Recovering From Hair Loss After Treatments
“Hair, hair, hair, hair, hair, hair, hair. Flow it, show it. Long as God can grow it, my hair”
I ran into a friend the other night, and though it had been a while since I had seen him, his greeting caught me off guard.
“OY!” (he’s Brittish), “I got a pair of blunt scissors in me truck!” he said with his big friendly grin.
It had been a while since I had seen him, and for those who have not seen me in a while, I have continued to let my hair grow. And for a very good reason.
I lost the majority of my hair back when I was treated for Hodgkin’s Lymphoma back in 1988 from chemotherapy. Radiation therapy to the back of my skull left an odd pattern down the middle permanently.
I have always been sensitive to this. And one of the things that I swore I would never do, is ever take my hair from granted again. It was bad enough that baldness ran in my family. But it is odd, hair loss, is one of the major concerns that a cancer patient has. We cannot wait for the hair to grow back.
I will admit, that I get a little confused and concerned when I see hair colored lime green, or shaved into some bizarre tribal symbol. I am not so sure that those people would do that if they had the chance that “cut” or “style” was permanent, or if some other change against their hair style desire was done.
And so, throughout the 1990’s, I made a promise, not to cut my hair (except for styling it). Unfortunately I did a very bad thing, and it pretty much ended up being “mulleted.” Sorry, plenty of clip art for that, but it actually turned my stomach trying to select a picture. But you all know what a mullet is.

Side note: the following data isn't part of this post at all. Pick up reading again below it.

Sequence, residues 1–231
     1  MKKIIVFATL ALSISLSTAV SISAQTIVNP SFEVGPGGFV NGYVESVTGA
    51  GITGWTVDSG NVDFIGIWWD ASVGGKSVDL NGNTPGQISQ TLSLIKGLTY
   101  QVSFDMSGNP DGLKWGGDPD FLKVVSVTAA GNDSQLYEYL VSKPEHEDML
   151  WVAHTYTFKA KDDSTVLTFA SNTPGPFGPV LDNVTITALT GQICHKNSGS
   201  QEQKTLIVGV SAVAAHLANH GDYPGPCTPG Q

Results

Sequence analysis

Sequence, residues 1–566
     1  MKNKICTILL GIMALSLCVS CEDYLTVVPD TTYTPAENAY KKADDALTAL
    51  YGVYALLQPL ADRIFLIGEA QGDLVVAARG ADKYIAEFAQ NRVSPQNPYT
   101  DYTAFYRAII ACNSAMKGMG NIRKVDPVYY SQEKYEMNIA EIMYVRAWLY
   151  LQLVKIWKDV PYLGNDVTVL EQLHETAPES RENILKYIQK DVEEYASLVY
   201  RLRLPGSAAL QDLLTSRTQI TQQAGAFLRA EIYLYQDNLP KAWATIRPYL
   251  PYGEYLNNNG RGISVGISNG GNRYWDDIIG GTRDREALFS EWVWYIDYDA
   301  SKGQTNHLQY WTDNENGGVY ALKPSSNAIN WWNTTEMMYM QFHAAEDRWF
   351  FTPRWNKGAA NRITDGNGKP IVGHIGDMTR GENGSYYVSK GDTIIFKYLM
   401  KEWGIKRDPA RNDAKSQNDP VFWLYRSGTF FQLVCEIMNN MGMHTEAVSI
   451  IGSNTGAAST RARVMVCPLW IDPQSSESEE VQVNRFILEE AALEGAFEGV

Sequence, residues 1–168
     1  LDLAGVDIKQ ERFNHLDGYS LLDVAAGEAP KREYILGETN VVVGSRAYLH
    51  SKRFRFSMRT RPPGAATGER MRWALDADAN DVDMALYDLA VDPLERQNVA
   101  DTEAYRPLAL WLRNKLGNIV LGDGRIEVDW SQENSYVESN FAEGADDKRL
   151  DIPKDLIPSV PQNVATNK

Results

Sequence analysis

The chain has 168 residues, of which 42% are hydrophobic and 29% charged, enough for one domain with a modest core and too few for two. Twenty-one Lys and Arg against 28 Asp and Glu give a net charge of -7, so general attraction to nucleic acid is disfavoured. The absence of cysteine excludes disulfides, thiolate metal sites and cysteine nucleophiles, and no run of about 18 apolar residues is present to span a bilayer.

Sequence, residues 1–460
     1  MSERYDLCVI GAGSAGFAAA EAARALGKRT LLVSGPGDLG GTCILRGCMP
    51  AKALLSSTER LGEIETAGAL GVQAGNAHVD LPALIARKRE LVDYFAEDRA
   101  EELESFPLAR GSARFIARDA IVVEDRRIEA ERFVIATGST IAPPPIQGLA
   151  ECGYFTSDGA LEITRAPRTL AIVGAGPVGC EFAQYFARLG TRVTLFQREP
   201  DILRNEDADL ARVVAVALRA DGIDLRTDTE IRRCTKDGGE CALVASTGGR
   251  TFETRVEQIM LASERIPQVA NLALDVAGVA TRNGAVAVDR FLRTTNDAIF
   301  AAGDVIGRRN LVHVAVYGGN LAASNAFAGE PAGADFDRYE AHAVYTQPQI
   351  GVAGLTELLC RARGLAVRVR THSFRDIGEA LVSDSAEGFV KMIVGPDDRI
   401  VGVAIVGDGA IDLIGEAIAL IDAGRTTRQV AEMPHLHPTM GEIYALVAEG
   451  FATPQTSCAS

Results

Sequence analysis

At any rate, I ended up cutting my hair after all just into the new millennium, and up until last year, I kept it a fairly short length again. It was not what I wanted, but for the most part, what everyone else wanted.
Well, it has been a year now, and only “trims” being done, and I am almost back to the length that I was comfortable covering up my “skunk stripe” on the back of my skull. It may seem silly to some people why this would be so important to someone, but unless you have been in this situation, you really cannot understand it.
Sorry, no selfie of the length just yet, but to give you an idea…
I like the look!
I completely understand. Had Hodgkin’s stage 2 in November 2009. I can remember asking my oncologist if I could have the type of chemo where your hair does not fall out (my vain self, lol) – and he said no :0′ It is hard to lose the hair, eyebrows, eyelashes. Cried many times – although I think cleansing tears, which can be good. Every new day is a blessing. Keep on keepin on Paul!